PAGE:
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Review

Suave yet with comic book energy, 'Kingsman' goes spying

Betsy Sharkey
Los Angeles Times Film Critic
With 'Kingsman' on the scene, James Bond encounters a bit of competition in the spy spoof genre

"Kingsman: The Secret Service," starring a natty Colin Firth, a newbie Taron Egerton and a naughty Samuel L. Jackson, is a dry, wry sendup of the 007 world, which is itself a sly, dry sendup of the spy game.

Directed by "Kick-Ass" action specialist Matthew Vaughn with slightly more vigor than necessary and a shade less restraint than needed, it's a bit too too to be "brilliant," as the Brits say. But it's not half bad either.

Based on a comic book — isn't everything these days? — the idea spun from Mark Millar and Dave Gibbons' "The Secret Service" is as rich with possibilities as the spy genre is for spoofing. So is the bizarre weaponry, always good for a laugh in "Kingsman," from basics like a lethal fountain pen or cigarette lighter/hand grenade to the exotic Oscar Pistorius-style racing blades of one sultry Gazelle (Sofia Boutella) that can slice a man in half in mere seconds.

Unlike the fire power, foot power and fisticuffs, however, the script doesn't always hit its mark. Still, the screenplay by Vaughn and Jane Goldman ("Stardust") is at times wickedly witty, having fun not just with spies but the British obsession with social class. If you can forgive the failings for at least some of the two-plus-hour running time, "Kingsman" serves up its share of entertaining froth.

Much of that is due to Firth, the film's true star. The Oscar-winning actor, who tends to be equally engaging in comedy and drama, plays the most revered Kingsman, Harry Hart, code name Galahad. Firth, displaying a charming bravado, genuinely seems to be having the time of his life playing a well-turned-out action hero.

In keeping with Knights of the Round Table code names, the Secret Service's leader is Arthur (Michael Caine). The villain is Valentine (Jackson), a mega-billionaire obsessed with global warming and old movies, which seem to be his reference point for all things. Seeded through the film, it's a conceit that movie buffs will likely enjoy.

Valentine has a nefarious "solution" for the planet's temperature problems that involves free SIM cards implanted in the populace so the world can text and talk as much as its wants. And he can rid the world of its texters and talkers when he wants.

There are few actors who can walk the bad guy/funny guy tightrope with quite the aplomb of Jackson. Every time the actor shows up in the midst of the mayhem of "Kingsman," he never fails to dole out a little comic relief. Gazelle is his girlfriend, bodyguard and No. 1 warrior. The special effects used to allow the actress to spin, slice and dice any adversary with those prosthetic running blades is quite amazing, though whether it represents a step forward for people with disabilities or not is a tough call. (Boutella is not disabled herself.)

Like Bond, "Kingsman" is British-suave, from its agents' tailored suits to its machine-gun-quality bumper shoots. It begins with a mission gone wrong. An agent, whose lower-class background Arthur always questioned, explodes while saving Harry. His son Eggsy is left with an apology and a medal of honor with a phone number etched on back than can only be used once in an emergency.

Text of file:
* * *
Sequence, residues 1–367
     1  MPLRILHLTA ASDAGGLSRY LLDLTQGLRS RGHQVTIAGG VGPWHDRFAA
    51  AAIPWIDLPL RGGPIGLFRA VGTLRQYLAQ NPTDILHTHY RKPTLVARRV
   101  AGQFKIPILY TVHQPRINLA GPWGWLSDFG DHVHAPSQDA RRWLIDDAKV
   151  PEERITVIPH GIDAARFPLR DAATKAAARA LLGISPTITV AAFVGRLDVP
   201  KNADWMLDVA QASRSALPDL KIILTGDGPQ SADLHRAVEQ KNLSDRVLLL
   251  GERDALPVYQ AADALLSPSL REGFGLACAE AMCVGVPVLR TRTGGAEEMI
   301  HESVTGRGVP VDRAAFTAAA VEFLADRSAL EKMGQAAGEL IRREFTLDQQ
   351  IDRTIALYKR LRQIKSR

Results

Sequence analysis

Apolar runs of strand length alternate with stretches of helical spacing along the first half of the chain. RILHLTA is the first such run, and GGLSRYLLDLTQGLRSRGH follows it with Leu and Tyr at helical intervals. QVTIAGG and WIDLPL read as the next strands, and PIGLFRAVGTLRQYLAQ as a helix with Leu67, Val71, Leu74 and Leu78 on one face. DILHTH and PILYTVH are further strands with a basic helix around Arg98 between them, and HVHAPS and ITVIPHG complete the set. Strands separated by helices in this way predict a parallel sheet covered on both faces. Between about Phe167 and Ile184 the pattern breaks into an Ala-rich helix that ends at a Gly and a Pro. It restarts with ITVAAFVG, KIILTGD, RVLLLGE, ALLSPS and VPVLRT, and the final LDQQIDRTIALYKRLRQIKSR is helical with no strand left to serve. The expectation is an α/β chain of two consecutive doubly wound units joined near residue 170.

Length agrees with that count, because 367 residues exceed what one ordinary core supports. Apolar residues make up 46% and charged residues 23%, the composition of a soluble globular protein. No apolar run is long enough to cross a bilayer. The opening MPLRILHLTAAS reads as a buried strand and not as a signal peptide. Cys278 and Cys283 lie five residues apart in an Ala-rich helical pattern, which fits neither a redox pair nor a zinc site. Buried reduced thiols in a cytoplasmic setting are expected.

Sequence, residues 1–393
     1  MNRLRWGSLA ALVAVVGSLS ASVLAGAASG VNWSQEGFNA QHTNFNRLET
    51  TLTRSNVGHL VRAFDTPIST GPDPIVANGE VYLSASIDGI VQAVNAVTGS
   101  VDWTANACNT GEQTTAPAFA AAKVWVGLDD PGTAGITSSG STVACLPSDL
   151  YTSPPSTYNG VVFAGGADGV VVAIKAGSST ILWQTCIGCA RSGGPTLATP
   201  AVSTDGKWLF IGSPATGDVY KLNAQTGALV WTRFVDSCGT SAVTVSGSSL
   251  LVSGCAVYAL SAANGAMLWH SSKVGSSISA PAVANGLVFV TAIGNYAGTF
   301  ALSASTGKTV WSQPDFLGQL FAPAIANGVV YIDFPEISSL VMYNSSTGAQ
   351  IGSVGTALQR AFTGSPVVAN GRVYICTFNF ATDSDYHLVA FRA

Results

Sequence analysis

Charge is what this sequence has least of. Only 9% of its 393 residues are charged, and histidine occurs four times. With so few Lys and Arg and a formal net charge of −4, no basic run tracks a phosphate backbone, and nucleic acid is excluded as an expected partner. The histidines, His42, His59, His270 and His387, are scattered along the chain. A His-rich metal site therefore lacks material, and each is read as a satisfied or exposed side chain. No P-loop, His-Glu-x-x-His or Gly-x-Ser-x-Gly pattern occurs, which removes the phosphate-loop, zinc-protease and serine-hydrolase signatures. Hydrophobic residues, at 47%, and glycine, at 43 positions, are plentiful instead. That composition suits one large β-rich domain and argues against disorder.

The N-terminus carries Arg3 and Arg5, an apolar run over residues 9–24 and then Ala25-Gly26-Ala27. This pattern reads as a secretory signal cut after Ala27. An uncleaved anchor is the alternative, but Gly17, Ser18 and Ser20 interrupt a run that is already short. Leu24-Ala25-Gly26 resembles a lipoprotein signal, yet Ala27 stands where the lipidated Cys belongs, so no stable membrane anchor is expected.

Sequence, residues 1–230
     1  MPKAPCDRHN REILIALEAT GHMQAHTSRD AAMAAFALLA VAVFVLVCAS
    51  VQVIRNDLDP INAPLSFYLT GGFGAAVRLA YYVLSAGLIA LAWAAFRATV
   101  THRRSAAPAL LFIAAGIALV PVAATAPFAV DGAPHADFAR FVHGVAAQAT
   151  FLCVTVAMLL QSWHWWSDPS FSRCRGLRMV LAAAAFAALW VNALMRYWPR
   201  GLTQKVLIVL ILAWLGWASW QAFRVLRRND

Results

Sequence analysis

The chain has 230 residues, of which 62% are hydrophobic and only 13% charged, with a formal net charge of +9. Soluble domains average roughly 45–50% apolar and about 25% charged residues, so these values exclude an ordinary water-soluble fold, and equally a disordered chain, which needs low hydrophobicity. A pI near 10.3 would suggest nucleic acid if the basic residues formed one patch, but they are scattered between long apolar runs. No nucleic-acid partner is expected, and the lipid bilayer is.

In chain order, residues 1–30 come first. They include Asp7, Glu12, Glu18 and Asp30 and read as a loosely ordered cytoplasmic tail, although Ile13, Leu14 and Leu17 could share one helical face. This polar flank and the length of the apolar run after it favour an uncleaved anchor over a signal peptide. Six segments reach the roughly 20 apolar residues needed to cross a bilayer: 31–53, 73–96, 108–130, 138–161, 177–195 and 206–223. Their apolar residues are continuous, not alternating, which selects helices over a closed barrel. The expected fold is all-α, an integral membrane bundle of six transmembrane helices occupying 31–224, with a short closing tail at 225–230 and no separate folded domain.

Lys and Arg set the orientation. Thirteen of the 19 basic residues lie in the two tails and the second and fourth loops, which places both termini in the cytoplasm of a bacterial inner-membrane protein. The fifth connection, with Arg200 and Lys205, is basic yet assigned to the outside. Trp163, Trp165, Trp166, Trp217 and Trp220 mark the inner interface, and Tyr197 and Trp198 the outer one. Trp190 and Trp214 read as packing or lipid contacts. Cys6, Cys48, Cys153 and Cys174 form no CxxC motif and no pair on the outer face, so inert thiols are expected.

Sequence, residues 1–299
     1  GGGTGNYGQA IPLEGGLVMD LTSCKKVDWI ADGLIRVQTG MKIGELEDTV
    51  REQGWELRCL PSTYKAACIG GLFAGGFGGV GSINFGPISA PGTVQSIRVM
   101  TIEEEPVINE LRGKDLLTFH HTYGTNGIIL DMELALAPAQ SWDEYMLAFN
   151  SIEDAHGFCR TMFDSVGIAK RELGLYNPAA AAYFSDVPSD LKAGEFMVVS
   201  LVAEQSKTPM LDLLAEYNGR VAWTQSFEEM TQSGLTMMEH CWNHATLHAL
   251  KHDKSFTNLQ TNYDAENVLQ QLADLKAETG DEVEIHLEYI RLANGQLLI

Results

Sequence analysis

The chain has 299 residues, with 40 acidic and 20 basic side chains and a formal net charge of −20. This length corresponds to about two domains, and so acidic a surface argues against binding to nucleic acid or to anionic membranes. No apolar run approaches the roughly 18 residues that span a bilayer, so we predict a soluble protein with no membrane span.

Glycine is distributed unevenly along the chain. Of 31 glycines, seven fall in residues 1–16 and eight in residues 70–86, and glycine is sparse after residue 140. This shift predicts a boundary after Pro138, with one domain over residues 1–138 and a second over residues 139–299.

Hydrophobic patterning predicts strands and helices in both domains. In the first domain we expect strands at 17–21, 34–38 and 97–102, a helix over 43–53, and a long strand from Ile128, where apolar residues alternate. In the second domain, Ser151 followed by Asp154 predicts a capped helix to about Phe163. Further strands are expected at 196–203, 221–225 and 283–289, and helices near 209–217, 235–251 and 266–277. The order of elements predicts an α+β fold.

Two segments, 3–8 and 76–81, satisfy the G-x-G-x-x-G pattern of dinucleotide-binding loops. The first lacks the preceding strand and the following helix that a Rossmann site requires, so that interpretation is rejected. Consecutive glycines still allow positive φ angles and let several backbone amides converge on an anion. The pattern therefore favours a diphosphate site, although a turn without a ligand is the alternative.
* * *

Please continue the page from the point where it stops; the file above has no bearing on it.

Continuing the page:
Seventeen years later, the death of another agent opens the way for a single replacement candidate to the Kingsman elite. Harry sponsors a now grown-up Eggsy after he bails him out of jail — that one emergency call finally used. We've gotten a glimpse of what the intervening years have been like for Eggsy, basically a hard-luck life for him and his mum, a vicious stepdad, and a talent for the extreme obstacle sport parkour.

The street-wise Eggsy is the only commoner in the Kingsman training class. The rest are upper-crust guys, Oxford or Cambridge grads, and a smart, pedigreed lass named Roxy (Sophie Cookson). Sparks between Eggsy and Roxy will fly.

The man putting the kids through their paces is code named Merlin (Mark Strong). He is also Harry's best friend in the Service and along with Harry becomes Eggsy's mentor. He's the solid center you need in the kind of stormy conflicts kicked up in these films.

Much of the movie is about making Eggsy into a spy. No need to look for movie allusions; Harry offers up "Trading Places" by example, Eggsy comes back with "My Fair Lady." Needless to say, it's a process to take Eggsy from street thug to gentleman spy.

The action is over the top and excessive and exceptionally well staged, with director of photography George Richmond doing a bang-up job making it remarkably easy to follow. The fighting style keeps the emphasis on comedy, the blood is almost nonexistent and the exploding heads at times are ethereal abstractions and quite stunning to watch. Production designer Paul Kirby, costume designer Arianne Phillips and music maestros Henry Jackman and Matthew Margeson keep the lightness, brightness and wryness going.

It all helps remind us that "Kingsman" is very much rooted in the comic book fantasy realm. Don't take it too seriously and you'll have a little fun.

betsy.sharkey@latimes.com

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'Kingsman: The Secret Service'

MPAA rating: R for sequences of strong violence, language and some sexual content

Running time: 2 hours, 8 minutes

Playing: In general release

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